For the last two years, there has been a small group of us rebuilding Faslane Peace Camp as a community of anti-nuclear action.
We came together with a shared vision that if we maintain the camp as a safe, alcohol- and drug-free space with regular actions and campaigning, we could create a strong, autonomous community active in the fight against Trident and the militarisation of the west coast of Scotland.
Part of our vision has been achieved in making the camp a safe and welcoming space with facilities to support anti-nuclear action, low-impact living and skill-sharing.
We have worked really hard to sustain resistance to nuclear weapons as central to this space. However, our main hope that this community would grow has not been achieved. Maintaining this space whilst having an active campaign with so few of us has put us under such pressure, personally and as a collective, that we simply cannot continue.
We feel, as a group, our limit on being here is 12 June, the 31st anniversary of the Camp. If the responsibility on deciding and enacting the future of the camp is to be ours (if this notice does not provoke wider constructive discussion on the future of the camp) then we will enact the following proposal: ‘We will start taking the camp down on 12 May to create a garden space (to be finished by 12 June) that will both celebrate the 31 years of resistance here and act as a site facility to support future action camps.’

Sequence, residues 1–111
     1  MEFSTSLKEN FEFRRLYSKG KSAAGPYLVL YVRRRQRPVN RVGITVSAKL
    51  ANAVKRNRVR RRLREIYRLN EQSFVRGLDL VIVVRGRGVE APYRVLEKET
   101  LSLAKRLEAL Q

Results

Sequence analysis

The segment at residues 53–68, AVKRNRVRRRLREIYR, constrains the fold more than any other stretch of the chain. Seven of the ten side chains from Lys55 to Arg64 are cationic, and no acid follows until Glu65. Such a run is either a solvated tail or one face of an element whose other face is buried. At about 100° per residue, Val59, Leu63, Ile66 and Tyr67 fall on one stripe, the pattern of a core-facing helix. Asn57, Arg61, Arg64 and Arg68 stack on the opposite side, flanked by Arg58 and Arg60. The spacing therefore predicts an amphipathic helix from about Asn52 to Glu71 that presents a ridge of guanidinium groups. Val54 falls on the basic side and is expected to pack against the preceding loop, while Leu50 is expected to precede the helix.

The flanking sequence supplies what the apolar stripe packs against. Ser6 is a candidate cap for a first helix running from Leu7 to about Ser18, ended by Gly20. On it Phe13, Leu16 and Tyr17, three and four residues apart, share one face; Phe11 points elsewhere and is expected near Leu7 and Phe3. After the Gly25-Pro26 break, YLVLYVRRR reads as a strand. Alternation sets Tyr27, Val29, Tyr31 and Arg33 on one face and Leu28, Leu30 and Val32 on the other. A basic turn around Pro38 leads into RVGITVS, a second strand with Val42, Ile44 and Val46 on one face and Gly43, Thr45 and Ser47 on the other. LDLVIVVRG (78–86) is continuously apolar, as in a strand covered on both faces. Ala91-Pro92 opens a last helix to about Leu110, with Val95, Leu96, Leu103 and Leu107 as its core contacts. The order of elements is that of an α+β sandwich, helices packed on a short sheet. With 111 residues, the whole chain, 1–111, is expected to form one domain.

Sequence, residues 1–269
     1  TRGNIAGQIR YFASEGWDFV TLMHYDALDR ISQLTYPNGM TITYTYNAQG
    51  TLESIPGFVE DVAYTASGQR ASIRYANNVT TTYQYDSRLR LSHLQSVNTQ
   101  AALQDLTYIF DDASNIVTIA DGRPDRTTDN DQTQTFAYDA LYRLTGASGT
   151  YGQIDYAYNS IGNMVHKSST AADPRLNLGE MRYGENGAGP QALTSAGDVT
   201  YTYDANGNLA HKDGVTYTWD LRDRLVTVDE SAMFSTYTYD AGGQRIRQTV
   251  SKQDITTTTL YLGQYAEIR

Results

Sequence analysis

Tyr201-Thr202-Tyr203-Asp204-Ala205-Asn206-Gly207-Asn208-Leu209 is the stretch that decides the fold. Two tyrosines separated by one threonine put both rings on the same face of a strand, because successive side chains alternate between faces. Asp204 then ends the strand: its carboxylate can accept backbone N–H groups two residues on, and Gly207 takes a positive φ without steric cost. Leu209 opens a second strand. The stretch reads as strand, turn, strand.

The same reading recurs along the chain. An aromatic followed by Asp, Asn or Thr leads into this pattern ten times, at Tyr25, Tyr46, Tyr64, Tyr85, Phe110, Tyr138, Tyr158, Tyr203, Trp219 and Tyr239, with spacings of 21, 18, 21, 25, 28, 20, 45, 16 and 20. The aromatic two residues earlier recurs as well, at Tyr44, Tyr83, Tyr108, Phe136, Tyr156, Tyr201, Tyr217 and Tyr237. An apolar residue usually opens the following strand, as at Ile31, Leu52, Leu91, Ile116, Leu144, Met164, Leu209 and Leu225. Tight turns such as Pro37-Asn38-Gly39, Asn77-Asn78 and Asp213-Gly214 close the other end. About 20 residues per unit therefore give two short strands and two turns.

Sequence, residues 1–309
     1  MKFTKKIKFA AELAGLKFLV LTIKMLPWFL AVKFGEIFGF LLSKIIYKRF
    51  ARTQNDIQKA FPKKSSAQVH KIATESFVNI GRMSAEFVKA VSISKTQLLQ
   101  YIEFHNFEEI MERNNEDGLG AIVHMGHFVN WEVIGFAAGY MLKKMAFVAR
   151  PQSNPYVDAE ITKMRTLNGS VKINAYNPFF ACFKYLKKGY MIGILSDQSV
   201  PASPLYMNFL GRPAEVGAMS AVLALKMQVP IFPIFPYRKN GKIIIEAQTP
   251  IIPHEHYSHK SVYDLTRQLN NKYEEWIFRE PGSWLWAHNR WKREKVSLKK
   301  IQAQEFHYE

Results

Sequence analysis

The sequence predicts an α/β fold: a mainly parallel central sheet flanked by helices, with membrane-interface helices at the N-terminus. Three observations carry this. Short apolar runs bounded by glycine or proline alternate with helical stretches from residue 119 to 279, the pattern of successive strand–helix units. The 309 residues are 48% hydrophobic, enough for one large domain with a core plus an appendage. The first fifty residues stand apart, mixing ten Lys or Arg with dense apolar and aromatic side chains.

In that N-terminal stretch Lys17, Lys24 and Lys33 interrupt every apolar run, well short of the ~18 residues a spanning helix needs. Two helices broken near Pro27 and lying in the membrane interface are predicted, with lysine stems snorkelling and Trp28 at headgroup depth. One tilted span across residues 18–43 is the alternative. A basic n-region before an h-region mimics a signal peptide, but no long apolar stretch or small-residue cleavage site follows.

We use the word ‘proposal’ as we do not feel the responsibility of this decision is ours, nor do we want it to be. However, if not presented with viable and positive alternatives, then we will regrettably undertake this action.
We feel that leaving the camp empty and open to chance is not an option because we have seen it having ‘fallen into the wrong hands’ and feel that this is much more detrimental to the peace movement and activism in general than the camp not being here.
The camp’s potential
Many of the people who have passed through here have learned and continued to practise so many skills in active resistance and low-impact living. Those of us here have grown and learned so much, from a personal level to a more acute understanding of the nature of the state-sponsored terrorism of nuclear weapons and the banality of the everyday running of this evil.
This is a space to learn, grow and challenge a very fundamental human willingness to tolerate societal corruption (in this case, that of nuclear weapons) as well as maintaining a degree of living ‘outside the system’ whilst we make attempts to challenge it.
The facilities here are indicative of the ingenuity of 30 years of creative and resourceful individuals who have simply found ways to live without electricity, much or any money, and create alternative ways of organisation, which challenge so many of the negative learned behaviours in society.
We believe that maintaining a supportive community living here, as well as active campaigning, can only be sustainably achieved with a significant increase in numbers, possibly eight residents.
The potential and capacity of the camp is also severely limited by the lack of wider input and practical support for its inhabitants. Throughout our time here we have increasingly felt like caretakers of a souvenir.
In short, we feel that the camp can only have a future if a larger group of people decide they wish to be based here and the wider peace movement assumes a degree of collective responsibility to support these people, emotionally and practically and take active measures to ensure their welfare. The current residents, although unable to continue full time, would be committed to providing long-term support to any group or individuals that wish to continue the Camp.